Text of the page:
One of our historic city boundary stones is missing

Marker helped define the limits of Victoria in 1903

The government is hunting for a missing boundary stone, one of at least seven marking the limits of the city of Victoria, the first urban settlement in Hong Kong after it became a British colony.

The stone disappeared in June during slope renovation work on Magazine Gap Road.

'The Antiquities and Monuments Office has been attempting to approach the owners of the private lot for the whereabouts of the stone, but has yet to get a reply,' a spokesman for the Development Bureau said.

Winfoong International Limited, the owner of the private lot on which the stone had stood, claims to know little about the missing marker.

'We are not aware of this stone and we have no further information to provide,' company secretary Julia Cheng Kin-nam said.

When Hong Kong Island was occupied by Britain in January 1841, there were 16 villages. In 1843, Britain created the city of Victoria covering Sheung Wan, Central and Wan Chai. The government later erected boundary stones on Hong Kong Island marking the city limits. Each stone bears the inscription 'City Boundary 1903'.

Six boundary stones can be found on Sai Ning Street, Pokfulam Road, Hatton Road, Old Peak Road, Bowen Road and Wong Nai Chung Road, all on government land. In late 2005, a seventh stone was rediscovered along Magazine Gap Road on a private lot.

But the granite stone, half embedded in a retaining wall, disappeared during slope reinforcing works between June 10 and 14.

Lee Chak-yan, the chairman of the Hong Kong History Study Circle, the group that discovered the seventh stone in 2005, said: 'The seventh stone means a lot in our history. It was the footprint of the city's early urban development.'

Joseph Ting Sun-pao, author of The City of Victoria and the former chief curator of the Museum of History, confirmed the providence of the seventh stone last year.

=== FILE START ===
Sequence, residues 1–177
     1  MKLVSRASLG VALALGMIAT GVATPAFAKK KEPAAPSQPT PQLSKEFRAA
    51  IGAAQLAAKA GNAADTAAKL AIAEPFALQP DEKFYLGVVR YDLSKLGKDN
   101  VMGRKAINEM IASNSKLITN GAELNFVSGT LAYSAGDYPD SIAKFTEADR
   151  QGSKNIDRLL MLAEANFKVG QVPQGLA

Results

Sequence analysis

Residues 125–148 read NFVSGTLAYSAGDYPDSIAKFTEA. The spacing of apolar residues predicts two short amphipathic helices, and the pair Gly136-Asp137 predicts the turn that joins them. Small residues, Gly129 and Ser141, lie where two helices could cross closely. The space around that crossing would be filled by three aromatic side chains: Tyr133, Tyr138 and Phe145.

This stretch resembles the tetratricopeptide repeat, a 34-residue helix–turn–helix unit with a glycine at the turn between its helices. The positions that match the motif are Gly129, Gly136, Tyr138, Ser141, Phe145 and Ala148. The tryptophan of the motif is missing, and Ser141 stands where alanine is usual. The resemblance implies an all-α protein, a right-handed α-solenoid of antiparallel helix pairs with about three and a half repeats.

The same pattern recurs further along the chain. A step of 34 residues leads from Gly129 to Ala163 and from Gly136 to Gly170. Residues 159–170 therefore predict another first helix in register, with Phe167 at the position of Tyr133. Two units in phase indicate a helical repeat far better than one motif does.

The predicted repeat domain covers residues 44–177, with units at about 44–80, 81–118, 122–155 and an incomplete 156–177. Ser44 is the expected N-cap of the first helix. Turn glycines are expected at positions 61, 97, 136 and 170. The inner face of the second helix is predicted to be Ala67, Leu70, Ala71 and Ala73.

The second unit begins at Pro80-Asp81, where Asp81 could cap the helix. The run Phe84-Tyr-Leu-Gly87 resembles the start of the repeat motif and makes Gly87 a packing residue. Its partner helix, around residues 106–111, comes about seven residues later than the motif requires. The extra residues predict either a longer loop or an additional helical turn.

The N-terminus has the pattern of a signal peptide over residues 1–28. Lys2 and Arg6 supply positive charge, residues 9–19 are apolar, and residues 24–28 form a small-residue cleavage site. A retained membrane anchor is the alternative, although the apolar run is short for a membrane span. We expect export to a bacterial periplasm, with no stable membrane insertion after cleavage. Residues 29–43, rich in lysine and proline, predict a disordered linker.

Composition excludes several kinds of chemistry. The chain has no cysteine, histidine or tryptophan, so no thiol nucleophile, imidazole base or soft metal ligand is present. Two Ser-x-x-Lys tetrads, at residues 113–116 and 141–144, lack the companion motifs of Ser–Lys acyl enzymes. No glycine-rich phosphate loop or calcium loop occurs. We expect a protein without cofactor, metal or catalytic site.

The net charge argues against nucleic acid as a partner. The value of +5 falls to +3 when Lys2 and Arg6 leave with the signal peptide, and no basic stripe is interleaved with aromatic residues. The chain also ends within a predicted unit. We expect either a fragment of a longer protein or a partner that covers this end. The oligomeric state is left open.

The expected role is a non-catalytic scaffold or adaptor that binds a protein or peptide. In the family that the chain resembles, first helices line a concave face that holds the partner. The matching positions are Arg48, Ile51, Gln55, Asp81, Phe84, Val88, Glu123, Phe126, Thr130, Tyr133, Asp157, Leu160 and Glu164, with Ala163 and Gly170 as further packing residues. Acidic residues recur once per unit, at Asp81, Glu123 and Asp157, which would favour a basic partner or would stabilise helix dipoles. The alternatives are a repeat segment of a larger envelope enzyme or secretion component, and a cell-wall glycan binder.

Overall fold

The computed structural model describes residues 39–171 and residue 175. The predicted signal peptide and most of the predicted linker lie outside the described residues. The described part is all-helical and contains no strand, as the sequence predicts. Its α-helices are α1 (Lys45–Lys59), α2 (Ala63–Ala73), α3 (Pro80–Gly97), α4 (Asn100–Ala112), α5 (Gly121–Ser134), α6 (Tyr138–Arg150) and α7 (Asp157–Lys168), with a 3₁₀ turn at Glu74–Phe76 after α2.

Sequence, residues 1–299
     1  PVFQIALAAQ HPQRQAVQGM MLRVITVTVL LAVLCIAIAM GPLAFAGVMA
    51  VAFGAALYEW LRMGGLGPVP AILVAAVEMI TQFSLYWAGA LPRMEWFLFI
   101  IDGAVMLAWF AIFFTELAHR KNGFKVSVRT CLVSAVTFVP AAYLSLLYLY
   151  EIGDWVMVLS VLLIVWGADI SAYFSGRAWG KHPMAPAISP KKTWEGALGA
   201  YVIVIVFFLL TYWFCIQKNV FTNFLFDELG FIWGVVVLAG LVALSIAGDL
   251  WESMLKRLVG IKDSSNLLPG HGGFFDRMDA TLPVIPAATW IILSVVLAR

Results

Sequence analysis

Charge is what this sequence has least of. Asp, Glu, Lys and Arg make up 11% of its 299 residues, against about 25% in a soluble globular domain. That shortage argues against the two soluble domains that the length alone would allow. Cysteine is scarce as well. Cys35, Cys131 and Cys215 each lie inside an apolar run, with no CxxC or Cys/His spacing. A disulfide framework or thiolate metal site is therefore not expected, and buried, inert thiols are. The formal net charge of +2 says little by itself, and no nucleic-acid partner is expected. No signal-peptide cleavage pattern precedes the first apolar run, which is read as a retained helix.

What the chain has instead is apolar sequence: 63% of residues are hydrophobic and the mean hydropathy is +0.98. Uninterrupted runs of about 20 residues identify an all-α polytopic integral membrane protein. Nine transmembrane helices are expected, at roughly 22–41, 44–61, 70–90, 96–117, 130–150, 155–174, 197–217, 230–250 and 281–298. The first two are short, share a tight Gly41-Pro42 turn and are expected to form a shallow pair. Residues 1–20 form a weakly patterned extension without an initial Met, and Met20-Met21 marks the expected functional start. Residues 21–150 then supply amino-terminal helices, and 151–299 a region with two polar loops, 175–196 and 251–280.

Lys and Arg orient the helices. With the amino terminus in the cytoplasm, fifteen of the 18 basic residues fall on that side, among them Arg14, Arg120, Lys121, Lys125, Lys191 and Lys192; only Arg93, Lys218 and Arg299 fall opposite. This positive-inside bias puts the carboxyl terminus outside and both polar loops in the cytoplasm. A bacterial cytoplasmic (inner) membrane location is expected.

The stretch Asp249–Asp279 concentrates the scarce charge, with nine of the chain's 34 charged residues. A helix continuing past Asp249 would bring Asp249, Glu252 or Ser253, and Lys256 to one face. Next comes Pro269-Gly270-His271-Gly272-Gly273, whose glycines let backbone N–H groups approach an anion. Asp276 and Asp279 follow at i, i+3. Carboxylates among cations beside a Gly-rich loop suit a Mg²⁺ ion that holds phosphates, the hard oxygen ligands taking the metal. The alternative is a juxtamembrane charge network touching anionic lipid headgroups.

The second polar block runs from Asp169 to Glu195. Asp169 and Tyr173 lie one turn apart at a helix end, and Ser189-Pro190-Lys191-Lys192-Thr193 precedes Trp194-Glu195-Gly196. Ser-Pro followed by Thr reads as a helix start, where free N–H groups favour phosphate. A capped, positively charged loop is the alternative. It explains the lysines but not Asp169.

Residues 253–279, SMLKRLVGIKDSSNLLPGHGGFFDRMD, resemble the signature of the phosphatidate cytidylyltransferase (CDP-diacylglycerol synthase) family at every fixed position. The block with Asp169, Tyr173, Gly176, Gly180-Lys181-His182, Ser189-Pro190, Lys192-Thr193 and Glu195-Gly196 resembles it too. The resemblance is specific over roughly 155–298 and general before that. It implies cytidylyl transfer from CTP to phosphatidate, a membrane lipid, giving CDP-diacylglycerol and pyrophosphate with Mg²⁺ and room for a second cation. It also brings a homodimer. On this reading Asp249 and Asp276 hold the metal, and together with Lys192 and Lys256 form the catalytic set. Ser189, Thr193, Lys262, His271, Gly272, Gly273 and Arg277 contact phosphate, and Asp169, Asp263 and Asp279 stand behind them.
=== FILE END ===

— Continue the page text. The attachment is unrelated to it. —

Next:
Mr Lee wrote an urgent e-mail to the Antiquities and Monuments Office in June regarding the missing stone. The office's assistant curator, Lui Kin-pui, replied a month later to say its status as a boundary stone could not be confirmed.

'I was so outraged that the government failed to recognise this significant city pillar,' said Mr Lee, who launched a letter-writing campaign this month to urge the chief executive to find out the fate of the stone.

'It is possible there is an eighth stone around Wan Chai Gap Road, according to the location and distribution of other boundary stones,' Mr Lee, who has been searching for boundary stones since 2005, said.

'Historical documents reveal that boundary stones are usually fixed on main roads. Wan Chai Gap Road was one of the main roads along the boundary of Victoria city,' he said.

A spokesman for the Lands Department said there were no official records detailing how many boundary stones had been erected.

Concerning the other stones, the spokesman said: 'Relevant departments have been requested to alert the monuments office of any works proposals that may affect these stones, so the office can render appropriate advice to protect them.'

None of the boundary stones have been graded or declared monuments, so they have no legal protection against damage or demolition.

Other area markers

Locations of other marker stones:

Royal Navy telegraph station marker: in front of Flagstaff House and Museum of Tea Ware

Military boundary stone: junction of Jordan Road and Gascoigne Road

Kowloon Water Works boundary stone: in Kowloon Reservoir

Anglo-Chinese boundary stone: Chung Ying Street, Sha Tau Kok

Cheung Chau boundary stones

Lantau North boundary stone (Tai O) and Lantau South boundary stone (Kau Ling Chung)

Mui Wo pier: the oldest boundary stone (marking 1265 imperial land deal)

Memory lane

The seven boundary stones marking the area of the former Victoria city

1 Sai Ning Street

2 Pok Fu Lam Road

3 Hatton Road

4 Old Peak Road

5 Bowen Road

6 Wong Nai Chung Road

7 Magazine Gap Road